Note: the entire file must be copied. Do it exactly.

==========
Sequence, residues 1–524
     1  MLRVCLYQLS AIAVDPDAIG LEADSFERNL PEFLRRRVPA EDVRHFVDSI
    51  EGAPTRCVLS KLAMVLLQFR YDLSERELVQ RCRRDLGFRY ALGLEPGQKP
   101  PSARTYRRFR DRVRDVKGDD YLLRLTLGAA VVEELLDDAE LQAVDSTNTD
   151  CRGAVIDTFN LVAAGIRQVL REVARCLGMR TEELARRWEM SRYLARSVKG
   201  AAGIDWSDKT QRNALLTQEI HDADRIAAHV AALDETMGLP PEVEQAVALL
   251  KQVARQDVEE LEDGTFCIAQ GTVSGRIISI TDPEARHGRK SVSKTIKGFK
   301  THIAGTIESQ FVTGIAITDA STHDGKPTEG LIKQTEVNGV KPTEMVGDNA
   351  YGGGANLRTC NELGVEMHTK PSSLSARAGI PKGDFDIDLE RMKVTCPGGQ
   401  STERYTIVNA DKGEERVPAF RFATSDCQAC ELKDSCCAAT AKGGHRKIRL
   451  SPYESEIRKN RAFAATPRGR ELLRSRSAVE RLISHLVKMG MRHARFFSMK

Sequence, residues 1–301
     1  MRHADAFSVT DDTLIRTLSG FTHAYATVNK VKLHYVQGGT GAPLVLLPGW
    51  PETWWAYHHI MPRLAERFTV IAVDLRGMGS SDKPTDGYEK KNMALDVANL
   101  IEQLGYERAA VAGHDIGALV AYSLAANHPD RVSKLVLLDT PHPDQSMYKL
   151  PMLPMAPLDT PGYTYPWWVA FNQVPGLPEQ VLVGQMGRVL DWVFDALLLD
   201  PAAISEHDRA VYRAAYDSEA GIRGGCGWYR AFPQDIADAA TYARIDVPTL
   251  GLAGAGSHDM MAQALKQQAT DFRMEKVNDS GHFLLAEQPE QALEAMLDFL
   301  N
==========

Sequence, residues 1–524
     1  MLRVCLYQLS AIAVDPDAIG LEADSFERNL PEFLRRRVPA EDVRHFVDSI
    51  EGAPTRCVLS KLAMVLLQFR YDLSERELVQ RCRRDLGFRY ALGLEPGQKP
   101  PSARTYRRFR DRVRDVKGDD YLLRLTLGAA VVEELLDDAE LQAVDSTNTD
   151  CRGAVIDTFN LVAAGIRQVL REVARCLGMR TEELARRWEM SRYLARSVKG
   201  AAGIDWSDKT QRNALLTQEI HDADRIAAHV AALDETMGLP PEVEQAVALL
   251  KQVARQDVEE LEDGTFCIAQ GTVSGRIISI TDPEARHGRK SVSKTIKGFK
   301  THIAGTIESQ FVTGIAITDA STHDGKPTEG LIKQTEVNGV KPTEMVGDNA
   351  YGGGANLRTC NELGVEMHTK PSSLSARAGI PKGDFDIDLE RMKVTCPGGQ
   401  STERYTIVNA DKGEERVPAF RFATSDCQAC ELKDSCCAAT AKGGHRKIRL
   451  SPYESEIRKN RAFAATPRGR ELLRSRSAVE RLISHLVKMG MRHARFFSMK

Sequence, residues 1–301
     1  MRHADAFSVT DDTLIRTLSG FTHAYATVNK VKLHYVQGGT GAPLVLLPGW
    51  PETWWAYHHI MPRLAERFTV IAVDLRGMGS SDKPTDGYEK KNMALDVANL
   101  IEQLGYERAA VAGHDIGALV AYSLAANHPD RVSKLVLLDT PHPDQSMYKL
   151  PMLPMAPLDT PGYTYPWWVA FNQVPGLPEQ VLVGQMGRVL DWVFDALLLD
   201  PAAISEHDRA VYRAAYDSEA GIRGGCGWYR AFPQDIADAA TYARIDVPTL
   251  GLAGAGSHDM MAQALKQQAT DFRMEKVNDS GHFLLAEQPE QALEAMLDFL
   301  N